We enjoyed the rest of the day and ordered some lamb and chicken curry for delivery for dinner. We were able visit another villa and Skype with our parents to fill them in on most of these details.
Tomorrow, Friday, is a very slow day in the Kingdom as it is their holy day, similar to Sunday for most of the Western world. However, there are a few larger stores that are open, so we’ll venture out with our buddy couple to buy some much needed supplies for our villa.
Shoot me some questions via email or comments. I’ll try and get them onto the blog at some point in time. I think it would be a good way to answer some questions if I in fact have the answers.
Jamie and I finalized our packing today and crammed everything into 13 bags. My parents drove down; and along with Jamie’s parents, we headed down the airport. We had hoped for a discount on our excess baggage, but we didn’t receive it. That took some time as we had to wait for supervisors, but we finally checked out bags and only had 2 overweight. The cost was more than what I had wanted, but we had budgeted correctly for it. Our school provides a shipping allowance anyway, so it is all good.
We had dinner at Houlihans before saying our difficult goodbyes to our family. Our KLM flight took us through Amsterdam where we had a 2 hour layover. There, we actually met some families with whom we will be working. The Schiphol airport in Amsterdam is different because you actually go through security at the gate. That and all of the women are much taller.
Our two flights were good and we arrived at 9:00 pm in Saudi Arabia. Customs was a breeze and we worried about all of our stuff for no reason. We did have 1 bag that didn’t make, but hopefully we’ll receive it in a few days.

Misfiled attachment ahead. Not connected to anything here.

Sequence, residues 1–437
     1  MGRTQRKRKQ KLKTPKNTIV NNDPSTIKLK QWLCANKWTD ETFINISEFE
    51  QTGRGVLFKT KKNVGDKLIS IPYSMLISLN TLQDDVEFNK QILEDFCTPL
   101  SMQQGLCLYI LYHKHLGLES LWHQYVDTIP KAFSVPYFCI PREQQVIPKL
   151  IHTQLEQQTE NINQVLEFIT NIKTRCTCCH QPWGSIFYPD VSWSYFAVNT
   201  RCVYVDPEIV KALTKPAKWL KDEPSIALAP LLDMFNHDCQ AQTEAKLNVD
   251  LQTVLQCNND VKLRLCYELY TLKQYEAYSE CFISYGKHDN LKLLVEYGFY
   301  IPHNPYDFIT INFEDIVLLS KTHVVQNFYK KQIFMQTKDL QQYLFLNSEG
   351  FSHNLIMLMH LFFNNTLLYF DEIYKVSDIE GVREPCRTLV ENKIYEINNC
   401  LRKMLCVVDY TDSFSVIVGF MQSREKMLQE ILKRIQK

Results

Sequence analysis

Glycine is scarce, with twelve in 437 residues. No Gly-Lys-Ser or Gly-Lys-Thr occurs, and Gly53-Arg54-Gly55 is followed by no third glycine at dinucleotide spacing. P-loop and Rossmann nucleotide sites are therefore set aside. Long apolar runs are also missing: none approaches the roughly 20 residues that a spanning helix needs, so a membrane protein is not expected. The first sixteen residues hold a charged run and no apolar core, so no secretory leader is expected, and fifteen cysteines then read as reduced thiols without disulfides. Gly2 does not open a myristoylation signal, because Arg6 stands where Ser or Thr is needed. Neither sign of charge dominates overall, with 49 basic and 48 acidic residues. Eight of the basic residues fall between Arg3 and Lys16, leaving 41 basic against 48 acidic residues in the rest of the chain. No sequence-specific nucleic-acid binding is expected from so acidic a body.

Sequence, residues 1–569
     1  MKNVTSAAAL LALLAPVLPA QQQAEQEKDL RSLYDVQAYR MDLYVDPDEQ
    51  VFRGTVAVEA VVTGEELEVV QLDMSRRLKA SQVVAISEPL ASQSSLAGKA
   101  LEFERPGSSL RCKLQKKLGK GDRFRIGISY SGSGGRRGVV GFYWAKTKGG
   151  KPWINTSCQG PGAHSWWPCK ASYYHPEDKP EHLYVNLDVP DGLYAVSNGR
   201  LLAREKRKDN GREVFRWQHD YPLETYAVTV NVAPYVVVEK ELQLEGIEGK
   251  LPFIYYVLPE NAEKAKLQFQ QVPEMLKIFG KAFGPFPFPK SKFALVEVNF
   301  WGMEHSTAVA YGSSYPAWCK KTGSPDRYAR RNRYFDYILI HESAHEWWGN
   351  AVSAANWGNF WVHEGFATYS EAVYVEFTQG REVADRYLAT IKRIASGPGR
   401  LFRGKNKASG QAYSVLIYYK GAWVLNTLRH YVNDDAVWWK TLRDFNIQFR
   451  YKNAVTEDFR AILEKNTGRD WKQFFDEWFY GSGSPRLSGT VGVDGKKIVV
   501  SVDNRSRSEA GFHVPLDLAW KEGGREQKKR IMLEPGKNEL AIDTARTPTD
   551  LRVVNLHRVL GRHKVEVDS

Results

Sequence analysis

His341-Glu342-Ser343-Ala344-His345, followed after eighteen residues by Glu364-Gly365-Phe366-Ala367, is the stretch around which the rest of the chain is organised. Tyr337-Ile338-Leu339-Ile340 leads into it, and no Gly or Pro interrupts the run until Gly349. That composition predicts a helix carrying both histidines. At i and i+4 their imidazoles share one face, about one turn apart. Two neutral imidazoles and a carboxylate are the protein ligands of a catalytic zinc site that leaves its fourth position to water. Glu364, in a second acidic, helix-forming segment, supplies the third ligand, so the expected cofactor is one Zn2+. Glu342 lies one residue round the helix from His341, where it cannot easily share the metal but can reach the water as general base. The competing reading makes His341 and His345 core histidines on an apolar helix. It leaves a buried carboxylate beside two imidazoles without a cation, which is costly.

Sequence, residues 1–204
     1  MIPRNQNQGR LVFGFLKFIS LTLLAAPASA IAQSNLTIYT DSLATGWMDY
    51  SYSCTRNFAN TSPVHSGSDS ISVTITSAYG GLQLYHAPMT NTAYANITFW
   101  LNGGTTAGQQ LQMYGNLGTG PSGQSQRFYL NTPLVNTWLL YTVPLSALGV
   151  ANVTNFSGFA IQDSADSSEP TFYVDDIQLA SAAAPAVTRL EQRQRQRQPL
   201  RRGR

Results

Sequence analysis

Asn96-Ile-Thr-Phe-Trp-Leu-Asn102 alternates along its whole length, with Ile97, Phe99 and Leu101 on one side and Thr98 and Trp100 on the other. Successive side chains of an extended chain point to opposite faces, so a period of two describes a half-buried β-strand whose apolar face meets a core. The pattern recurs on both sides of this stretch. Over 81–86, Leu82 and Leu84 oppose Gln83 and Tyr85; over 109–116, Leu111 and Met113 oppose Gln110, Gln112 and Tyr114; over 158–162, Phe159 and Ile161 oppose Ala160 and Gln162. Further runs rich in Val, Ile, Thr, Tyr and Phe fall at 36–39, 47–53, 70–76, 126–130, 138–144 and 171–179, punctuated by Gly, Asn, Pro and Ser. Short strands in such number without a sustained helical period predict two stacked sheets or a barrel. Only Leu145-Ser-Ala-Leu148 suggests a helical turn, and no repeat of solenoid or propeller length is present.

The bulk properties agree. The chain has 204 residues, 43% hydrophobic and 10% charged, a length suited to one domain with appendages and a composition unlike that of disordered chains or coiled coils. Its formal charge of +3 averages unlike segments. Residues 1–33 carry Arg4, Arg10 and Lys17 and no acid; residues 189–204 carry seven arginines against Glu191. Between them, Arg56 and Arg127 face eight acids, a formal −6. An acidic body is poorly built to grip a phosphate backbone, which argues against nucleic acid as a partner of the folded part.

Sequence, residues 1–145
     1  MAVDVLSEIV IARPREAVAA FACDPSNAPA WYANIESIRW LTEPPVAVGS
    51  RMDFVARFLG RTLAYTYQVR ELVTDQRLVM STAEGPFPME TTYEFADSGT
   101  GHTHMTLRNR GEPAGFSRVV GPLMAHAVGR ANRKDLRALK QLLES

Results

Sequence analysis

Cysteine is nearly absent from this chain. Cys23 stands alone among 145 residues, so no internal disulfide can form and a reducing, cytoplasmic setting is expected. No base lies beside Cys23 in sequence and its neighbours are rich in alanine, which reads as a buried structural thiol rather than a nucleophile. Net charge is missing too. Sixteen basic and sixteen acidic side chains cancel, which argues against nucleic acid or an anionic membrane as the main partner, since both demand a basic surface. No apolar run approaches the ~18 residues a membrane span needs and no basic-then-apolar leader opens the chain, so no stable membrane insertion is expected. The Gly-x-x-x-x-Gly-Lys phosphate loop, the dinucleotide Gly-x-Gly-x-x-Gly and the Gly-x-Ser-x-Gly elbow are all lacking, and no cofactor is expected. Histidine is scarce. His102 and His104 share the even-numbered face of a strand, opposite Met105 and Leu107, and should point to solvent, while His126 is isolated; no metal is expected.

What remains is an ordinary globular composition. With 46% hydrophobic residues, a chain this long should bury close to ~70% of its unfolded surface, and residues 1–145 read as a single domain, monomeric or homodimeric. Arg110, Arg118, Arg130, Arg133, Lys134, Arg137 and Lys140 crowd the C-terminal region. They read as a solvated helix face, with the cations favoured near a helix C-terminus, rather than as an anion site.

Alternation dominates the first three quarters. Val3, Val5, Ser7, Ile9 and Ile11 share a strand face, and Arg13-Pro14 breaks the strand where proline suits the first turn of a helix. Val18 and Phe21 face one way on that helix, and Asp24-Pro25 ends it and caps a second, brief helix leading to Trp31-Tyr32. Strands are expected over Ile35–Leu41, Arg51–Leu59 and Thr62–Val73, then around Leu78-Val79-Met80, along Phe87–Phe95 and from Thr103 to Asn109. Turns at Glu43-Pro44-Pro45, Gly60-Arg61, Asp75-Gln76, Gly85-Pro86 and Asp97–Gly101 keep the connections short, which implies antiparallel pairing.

We were met by our superintendent, high school principal, middle school principal, and others as they helped us load our bags into a bus before we loaded onto another bus. The drive to our compound was about 45 minutes and we were showed some of the sites around the area despite it being dark. Al Khobar, the name of the city in which we will live, is actually very modern with many western restaurants and stores. More on this I’m sure in later blog posts.
Today is the first day of Ramadan, the holiest holiday for Islam. Muslims fast from dawn to dusk and it is actually illegal for anyone to be caught eating or drinking in public. Most stores do not open until after sunset, so the whole country somewhat shuts down. Jamie was wearing long sleeves and pants when she arrived, but will purchase an abaya in a few days.
We arrived at our compound and were pleasantly surprised at the surroundings. We enter through a large electronic gate, but the inside of the compound looks somewhat like a nice retirement community you might see in Florida. The huge difference is that our gate is guarded by Saudi National Guard reserves with machine guns ready at a moment’s notice as well as a large concrete wall with barbed wire surrounding the compound. Makes me feel safe. I don’t want this to sound bad, because the villas are VERY nice.